Elysium-poster2013

Genre: Action, Drama, Sci-Fi

Directed by: Neill Blomkamp

Starring: Matt Damon, Jodie Foster, Sharlto Copley, Alice Braga

What made District 9, Neill Blomkamp’s directorial debut, so memorable was the way it flawlessly balanced the action & excitement of a sci-fi thriller with an effective social/political message that never felt overbearing or forced. The theme of said message was immigration, told through the invasion of an alien race in the over-populated city of Johannesburg; it was originally presented, effectually involving and relevant for the time. Elysium’s political issue is equally as relevant; the idea of wealth and the segregation of class is a particularly affecting topic given the current financial climate. Elysium’s problem is it’s inability to balance the exploration of this issue with an overly busy plot that constantly calls for action… lots & lots of action.

Blomkamp opens strong with wide shots of Los Angeles a century from now; it’s an overcrowded police state made up of endless shantytowns. Here lives Max, a petty criminal brought up by nuns and who dreams of a better life. This better life can be found on Elysium, a gargantuan spaceship docked just above earth that is inhabited by the Earth’s wealthiest. After an overexposure to radiation gives Max 5 days to live, he becomes determined to travel from Earth to Elysium for lifesaving treatment. Determined to stop Max is Delacourt, Elysium’s hardnosed head of security.

It’s a substantial narrative in itself, so when Blomkamp reveals a McGuffin midway through the second act that makes Max determined to both save his own life & bring equality to Earth’s inhabitants, the narrative becomes as overcrowded as the dystopian setting. Blomkamp’s slow opening doesn’t help him as the story progresses but is unquestionably the best part of the film. His visuals are mind-blowing & watching a quietly compelling Matt Damon go to work, visit his parole officer and attempt to reconnect with a childhood sweetheart is an absorbing foundation that successfully highlights the isolation of the poor by juxtaposing Max’s life with that of Delacourt’s on Elysium.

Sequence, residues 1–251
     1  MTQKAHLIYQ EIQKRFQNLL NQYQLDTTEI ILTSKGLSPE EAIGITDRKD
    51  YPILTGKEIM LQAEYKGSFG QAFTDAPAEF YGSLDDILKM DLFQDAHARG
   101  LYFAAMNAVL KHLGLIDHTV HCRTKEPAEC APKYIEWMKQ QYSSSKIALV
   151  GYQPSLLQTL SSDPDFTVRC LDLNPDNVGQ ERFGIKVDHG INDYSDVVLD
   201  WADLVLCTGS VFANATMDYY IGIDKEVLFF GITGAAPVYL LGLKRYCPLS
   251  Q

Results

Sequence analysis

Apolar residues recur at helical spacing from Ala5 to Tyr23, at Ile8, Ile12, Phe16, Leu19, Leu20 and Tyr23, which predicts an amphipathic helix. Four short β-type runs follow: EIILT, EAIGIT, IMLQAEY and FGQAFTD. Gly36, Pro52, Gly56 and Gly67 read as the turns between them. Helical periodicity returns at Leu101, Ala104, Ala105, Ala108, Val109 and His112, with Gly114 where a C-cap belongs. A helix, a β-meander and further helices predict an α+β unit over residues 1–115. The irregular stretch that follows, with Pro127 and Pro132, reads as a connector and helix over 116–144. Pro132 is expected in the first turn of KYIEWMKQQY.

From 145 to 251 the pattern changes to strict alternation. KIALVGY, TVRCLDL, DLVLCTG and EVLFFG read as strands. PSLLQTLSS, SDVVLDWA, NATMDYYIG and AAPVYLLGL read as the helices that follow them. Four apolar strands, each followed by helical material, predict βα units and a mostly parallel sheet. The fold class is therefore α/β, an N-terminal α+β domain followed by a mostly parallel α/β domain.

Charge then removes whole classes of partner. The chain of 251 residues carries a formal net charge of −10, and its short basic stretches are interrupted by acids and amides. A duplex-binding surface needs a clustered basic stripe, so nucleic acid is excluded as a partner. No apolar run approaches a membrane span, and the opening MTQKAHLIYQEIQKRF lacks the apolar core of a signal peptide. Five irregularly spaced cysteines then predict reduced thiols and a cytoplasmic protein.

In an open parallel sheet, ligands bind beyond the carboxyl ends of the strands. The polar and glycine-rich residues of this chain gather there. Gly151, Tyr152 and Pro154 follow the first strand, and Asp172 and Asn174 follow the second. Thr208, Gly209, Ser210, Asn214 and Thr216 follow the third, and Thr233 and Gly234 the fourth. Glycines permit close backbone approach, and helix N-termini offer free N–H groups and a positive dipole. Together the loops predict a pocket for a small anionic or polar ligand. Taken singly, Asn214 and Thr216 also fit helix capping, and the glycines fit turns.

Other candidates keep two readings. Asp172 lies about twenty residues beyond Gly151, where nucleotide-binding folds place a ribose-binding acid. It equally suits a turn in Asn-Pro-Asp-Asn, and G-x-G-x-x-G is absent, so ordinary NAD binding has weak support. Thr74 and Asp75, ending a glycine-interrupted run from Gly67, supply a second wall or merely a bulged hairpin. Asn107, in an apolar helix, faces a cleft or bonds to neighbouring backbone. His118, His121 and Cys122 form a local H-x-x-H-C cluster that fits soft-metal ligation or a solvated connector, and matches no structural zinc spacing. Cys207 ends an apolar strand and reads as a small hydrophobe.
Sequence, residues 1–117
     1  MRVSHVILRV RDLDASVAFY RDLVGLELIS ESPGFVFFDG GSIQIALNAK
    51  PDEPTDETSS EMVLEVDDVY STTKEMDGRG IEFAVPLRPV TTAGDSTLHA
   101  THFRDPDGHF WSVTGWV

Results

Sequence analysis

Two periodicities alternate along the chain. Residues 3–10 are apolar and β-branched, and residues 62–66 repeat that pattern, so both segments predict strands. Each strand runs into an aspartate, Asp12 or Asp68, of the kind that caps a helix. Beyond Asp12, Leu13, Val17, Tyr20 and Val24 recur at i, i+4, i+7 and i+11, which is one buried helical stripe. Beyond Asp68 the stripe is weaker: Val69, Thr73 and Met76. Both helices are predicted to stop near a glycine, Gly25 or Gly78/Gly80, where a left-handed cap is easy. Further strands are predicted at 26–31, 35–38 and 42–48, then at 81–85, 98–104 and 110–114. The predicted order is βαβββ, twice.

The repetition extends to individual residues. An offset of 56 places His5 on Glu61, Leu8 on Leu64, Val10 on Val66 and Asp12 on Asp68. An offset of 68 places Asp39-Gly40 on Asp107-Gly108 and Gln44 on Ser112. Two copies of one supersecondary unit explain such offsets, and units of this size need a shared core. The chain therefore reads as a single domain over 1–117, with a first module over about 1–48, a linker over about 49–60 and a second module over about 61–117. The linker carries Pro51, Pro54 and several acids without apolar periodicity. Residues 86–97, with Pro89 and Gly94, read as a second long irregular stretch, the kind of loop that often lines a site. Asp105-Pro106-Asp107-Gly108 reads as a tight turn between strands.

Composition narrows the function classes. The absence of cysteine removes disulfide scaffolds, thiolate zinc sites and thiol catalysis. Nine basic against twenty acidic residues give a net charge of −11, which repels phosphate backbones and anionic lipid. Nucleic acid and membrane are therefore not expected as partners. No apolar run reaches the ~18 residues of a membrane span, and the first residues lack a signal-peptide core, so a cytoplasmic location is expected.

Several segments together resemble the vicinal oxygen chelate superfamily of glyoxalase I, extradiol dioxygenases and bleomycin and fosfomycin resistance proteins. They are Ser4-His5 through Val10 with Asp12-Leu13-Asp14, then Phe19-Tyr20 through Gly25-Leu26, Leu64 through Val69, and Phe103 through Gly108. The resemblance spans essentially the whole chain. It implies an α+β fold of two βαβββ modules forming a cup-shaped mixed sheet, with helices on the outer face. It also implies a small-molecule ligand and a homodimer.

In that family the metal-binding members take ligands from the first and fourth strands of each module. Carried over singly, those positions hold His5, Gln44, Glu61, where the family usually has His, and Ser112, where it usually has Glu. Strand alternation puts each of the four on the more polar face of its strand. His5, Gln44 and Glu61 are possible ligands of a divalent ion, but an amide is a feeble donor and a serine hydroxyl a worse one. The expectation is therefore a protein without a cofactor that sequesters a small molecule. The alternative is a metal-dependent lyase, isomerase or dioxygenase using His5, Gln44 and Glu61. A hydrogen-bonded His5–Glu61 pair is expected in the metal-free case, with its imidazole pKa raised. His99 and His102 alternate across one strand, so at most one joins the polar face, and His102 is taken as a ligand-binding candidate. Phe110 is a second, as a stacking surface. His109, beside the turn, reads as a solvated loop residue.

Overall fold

It’s once Max has been exposed and the film becomes a rush to save his life that Blomkamp looses his way. Social comment is persistently forgotten about as Delacourt catches wind of the McGuffin wired in to Max’s brain, sending a sleeper agent to capture Max and thus help her gain full control of Elysium. The extended action pieces that follow are never as involving as they should be. Unlike District 9, Blomkamp goes for a shaky hand-held approach, mixing it with fast cuts that make the sequences both dizzying and confusing.

As Delacourt, Jodie Foster is amiable but her character is 2 dimensional and never engrossing enough to be an investable antagonist. Much more successful is Sharlto Copley, who while equally as unexplored narratively is unrelentingly terrifying. A lack of a central villain, which further busies the story, weakens the film more though.

Elysium’s opening 20 minutes promises so much that you can’t help but feel a little disappointed come the end credits. Whereas District 9 maintained a solid balance between sci-fi action and social observation, Elysium forgets any political comments in favor of head spinning fight sequences & big explosions. There’s no escaping just how eye opening the visuals are though or any doubting Copley’s incredible talent. However, Blomkamp must do better to avoid becoming a one-hit wonder.

★★★

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